The compatibility of greases can be important for users of grease-lubricated equipment. It is well known that the mixing of two greases can produce a substance markedly inferior to either of its constituent materials. One or more of the following can occur. A mixture of incompatible greases most often softens, sometimes excessively. Occasionally, it can harden. In extreme cases, the thickener and liquid lubricant will completely separate. Bleeding can be so severe that the mixed grease will run out of an operating bearing. Excessive syneresis can occur, forming pools of liquid lubricant separated from the grease. Dropping points can be reduced to the extent that grease or separated oil runs out of bearings at elevated operating temperatures. Such events can lead to catastrophic lubrication failures.
Because of such occurrences, equipment manufacturers recommend completely cleaning the grease from equipment before installing a different grease. Service recommendations for grease-lubricated equipment frequently specify the caveatx2013;do not mix greases under any circumstances. Despite this admonition, grease mixing will occur and, at times, cannot be avoided. In such instances, it would be useful to know whether the mixing of two greases could lead to inadequate lubrication with disastrous consequences. Equipment users most often do not have the resources to evaluate grease compatibility and must rely on their suppliers. Mixing of greases is a highly imprudent practice. Grease and equipment manufacturers alike recognize such practices will occur despite all warnings to the contrary. Thus, both users and suppliers have a need to know the compatibility characteristics of the greases in question.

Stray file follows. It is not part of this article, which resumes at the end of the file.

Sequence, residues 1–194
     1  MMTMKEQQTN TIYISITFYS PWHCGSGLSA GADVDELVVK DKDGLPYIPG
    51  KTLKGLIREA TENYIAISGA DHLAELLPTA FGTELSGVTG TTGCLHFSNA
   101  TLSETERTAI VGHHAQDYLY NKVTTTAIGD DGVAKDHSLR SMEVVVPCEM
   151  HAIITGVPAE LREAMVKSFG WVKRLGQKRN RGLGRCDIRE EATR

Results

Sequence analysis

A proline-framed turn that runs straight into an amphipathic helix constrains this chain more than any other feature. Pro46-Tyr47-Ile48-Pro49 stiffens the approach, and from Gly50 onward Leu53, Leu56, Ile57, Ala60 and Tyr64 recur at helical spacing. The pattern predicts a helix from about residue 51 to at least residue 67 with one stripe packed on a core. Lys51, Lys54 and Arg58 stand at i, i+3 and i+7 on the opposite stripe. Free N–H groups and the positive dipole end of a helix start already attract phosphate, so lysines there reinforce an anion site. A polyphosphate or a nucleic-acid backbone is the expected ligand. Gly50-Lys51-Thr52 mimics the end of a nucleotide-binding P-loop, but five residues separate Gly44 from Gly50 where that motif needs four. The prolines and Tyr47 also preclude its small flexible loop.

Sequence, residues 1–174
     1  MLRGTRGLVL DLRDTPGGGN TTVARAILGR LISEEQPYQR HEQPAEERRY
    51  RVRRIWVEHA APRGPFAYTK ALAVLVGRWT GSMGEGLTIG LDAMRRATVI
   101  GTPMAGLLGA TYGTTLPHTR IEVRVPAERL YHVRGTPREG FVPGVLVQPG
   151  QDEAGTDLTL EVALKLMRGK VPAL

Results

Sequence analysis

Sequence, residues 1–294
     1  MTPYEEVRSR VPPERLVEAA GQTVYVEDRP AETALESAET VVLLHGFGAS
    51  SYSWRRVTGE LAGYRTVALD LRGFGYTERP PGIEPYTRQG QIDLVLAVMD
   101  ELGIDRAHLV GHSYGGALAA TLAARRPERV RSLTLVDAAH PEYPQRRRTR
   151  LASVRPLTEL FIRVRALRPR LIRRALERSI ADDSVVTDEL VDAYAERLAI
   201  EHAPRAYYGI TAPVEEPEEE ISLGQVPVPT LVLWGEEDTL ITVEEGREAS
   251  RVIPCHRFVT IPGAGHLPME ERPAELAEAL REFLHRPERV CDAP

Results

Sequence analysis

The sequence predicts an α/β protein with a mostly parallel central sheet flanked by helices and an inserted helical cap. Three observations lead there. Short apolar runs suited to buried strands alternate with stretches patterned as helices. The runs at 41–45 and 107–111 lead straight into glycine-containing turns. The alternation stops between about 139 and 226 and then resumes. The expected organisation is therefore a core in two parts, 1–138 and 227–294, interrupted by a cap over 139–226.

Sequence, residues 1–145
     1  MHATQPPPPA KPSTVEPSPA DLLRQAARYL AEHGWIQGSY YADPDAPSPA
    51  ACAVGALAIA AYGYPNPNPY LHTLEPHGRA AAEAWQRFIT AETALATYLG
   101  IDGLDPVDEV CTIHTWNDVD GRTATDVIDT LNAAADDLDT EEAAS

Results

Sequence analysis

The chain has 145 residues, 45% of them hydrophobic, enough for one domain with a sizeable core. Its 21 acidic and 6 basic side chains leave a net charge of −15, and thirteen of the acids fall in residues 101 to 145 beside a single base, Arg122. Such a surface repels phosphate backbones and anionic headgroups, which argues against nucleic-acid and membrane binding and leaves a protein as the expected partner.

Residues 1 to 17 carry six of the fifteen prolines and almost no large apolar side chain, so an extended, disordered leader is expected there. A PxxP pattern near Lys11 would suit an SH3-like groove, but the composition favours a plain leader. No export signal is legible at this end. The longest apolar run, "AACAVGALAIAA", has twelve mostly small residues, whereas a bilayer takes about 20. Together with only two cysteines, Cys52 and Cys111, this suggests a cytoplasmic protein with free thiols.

There are two approaches to evaluating the compatibility of grease mixtures. One is to determine whether such mixtures meet the same specification requirements as the constituent components. This approach is not addressed by this practice. Instead, this practice takes a specification-independent approach; it describes the evaluation of compatibility on a relative basis using specific test methods.
Three test methods are used because fewer are not sufficiently definitive. For example, in one study, using 100 000-stroke worked penetration for evaluation, 62 % of the mixtures were judged to be compatible. In a high-temperature storage stability study, covering a broader spectrum of grease types, only one-third of the mixtures were compatible. These studies used different criteria to judge compatibility.
Compatibility cannot be predicted with certainty from foreknowledge of grease composition. Generally, greases having the same or similar thickener types will be compatible. Uncommonly, even greases of the same type, although normally compatible when mixed, can be incompatible because of incompatible additive treatments. Thus, compatibility needs to be judged on a case-by-case basis.
Two constituent greases are blended in specific ratios. A 50:50 mixture simulates a ratio that might be experienced when one grease (Grease A) is installed in a bearing containing a previously installed, different grease (Grease B), and no attempt is made to flush out Grease B with Grease A. The 10:90 and 90:10 ratios are intended to simulate ratios that might occur when attempts are made to flush out Grease B with Grease A.
Note 18212;Some companies evaluate 25:75 and 75:25 ratio mixtures instead of 10:90 and 90:10 ratio mixtures. But, the latter two ratios, which are prescribed by this practice, are considered more representative of the flushing practice described in 5.3.
Incompatibility is most often revealed by the evaluation of 50:50 mixtures. However, in some instances 50:50 mixtures are compatible and more dilute ratios are incompatib........